Nearly 20 years ago I was flirted with by Mr. October.
Not this one. In the process of writing this post I learned that there really was a major Mr. October, more famous than my suitor from 1993. My Mr. October was a fire fighter that I met during my sister’s bachelorette party.
A bunch of wild women went out dancing to mark my beautiful sister’s pending nuptials. I was a self-conscious, overly blessed up top (curvy) 25-year-old single gal who loved to dance and was ready to let loose. For the record, I had not yet discovered yoga but was quite familiar with The Dance. Apparently, Mr. October appreciated my talents and mentioned to a member of the estrogen tribe that I should be proud of my body. WHAT?!?!? I had spent 15 of my 25 years wishing I were my sweet petite smart older sister instead of the bodacious bride wanna be that I was.
Who is this Mr. October? A handsome fire fighter from a nearby county who was chosen to represent the 10th month in a fundraiser for the squad. And he asked me out. Unbelievable. And so the adventure began. October picked me up in his Porsche and took me on a tour of the city. I was enamored by his title and his bedroom eyes and his civic duty to protect a portion of the city from the danger of flames. And that is about as hot as it got. We went out to dinner once and I visited his living quarters but as soon as October flipped to November so did my interest in this nice fire fighter whose attraction was much more than his heavy hose (Sorry, I couldn’t resist that little joke. And for the record, I never saw any hose associated with Mr. October.) But I have a good story. I went out with a calendar model.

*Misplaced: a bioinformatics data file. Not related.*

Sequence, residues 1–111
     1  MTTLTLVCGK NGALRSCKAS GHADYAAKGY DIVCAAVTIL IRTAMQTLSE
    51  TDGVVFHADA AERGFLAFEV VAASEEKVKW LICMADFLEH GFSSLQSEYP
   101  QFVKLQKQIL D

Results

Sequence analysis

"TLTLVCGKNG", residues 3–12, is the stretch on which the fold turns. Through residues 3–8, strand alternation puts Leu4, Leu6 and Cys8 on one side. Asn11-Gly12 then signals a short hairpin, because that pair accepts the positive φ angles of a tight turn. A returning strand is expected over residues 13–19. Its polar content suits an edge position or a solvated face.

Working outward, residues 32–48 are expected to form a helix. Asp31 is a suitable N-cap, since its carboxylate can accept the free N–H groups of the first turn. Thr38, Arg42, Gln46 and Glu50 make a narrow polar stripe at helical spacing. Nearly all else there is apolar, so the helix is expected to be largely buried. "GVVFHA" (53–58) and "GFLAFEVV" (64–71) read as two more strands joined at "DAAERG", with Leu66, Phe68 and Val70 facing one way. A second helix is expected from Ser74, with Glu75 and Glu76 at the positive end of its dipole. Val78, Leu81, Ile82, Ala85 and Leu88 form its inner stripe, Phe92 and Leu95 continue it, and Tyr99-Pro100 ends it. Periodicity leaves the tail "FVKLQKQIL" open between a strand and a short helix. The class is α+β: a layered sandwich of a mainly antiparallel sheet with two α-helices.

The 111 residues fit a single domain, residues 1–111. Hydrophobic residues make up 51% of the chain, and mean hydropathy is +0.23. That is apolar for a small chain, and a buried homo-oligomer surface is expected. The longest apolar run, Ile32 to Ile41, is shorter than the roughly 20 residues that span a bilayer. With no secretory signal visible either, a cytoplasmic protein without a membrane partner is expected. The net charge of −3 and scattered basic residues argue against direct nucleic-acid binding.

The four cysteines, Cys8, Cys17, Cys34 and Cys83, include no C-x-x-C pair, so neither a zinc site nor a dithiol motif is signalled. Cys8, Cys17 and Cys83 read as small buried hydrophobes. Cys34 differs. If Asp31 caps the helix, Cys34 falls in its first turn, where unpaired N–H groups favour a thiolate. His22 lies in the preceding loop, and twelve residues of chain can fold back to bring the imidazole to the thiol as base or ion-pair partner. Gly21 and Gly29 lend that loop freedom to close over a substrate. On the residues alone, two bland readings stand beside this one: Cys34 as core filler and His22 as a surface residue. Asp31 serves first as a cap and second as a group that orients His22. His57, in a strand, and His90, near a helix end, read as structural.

AND YESTERDAY I SAW HIM. Almost 20 years later. His name is memorable and I saw it engraved on a name tag attached to a rescue squad worker at a softball game. – I won’t disclose it to protect his privacy. He hasn’t changed much – still tall and fit and handsome and he was wearing an officer’s uniform like he commands much more than one month. He probably has a whole squad. Good for you Mr. October. I hope you have found great happiness.
I also hope you dance, like Lee Anne Womack and Rumi suggests and like I did so long ago and still do occasionally. I do love to dance.
Dance, when you’re broken open.
Dance, if you’ve torn the bandage off.
Dance in the middle of the fighting.
Dance in your blood.
Dance, when you’re perfectly free.
— Jelaluddin Rumi (13th century)
I hope you never lose your sense of wonder You get your fill to eat but always keep that hunger May you never take one single breath for granted God forbid love ever leave you empty handed I hope you still feel small when you stand beside the ocean Whenever one door closes I hope one more opens Promise me that you’ll give faith a fighting chance And when you get the choice to sit it out or dance. — Lee Anne Womack
I pray you dance. In October and May and every other month. Nice to see you, Mr. October – even if you didn’t see me.
Seen any flames lately?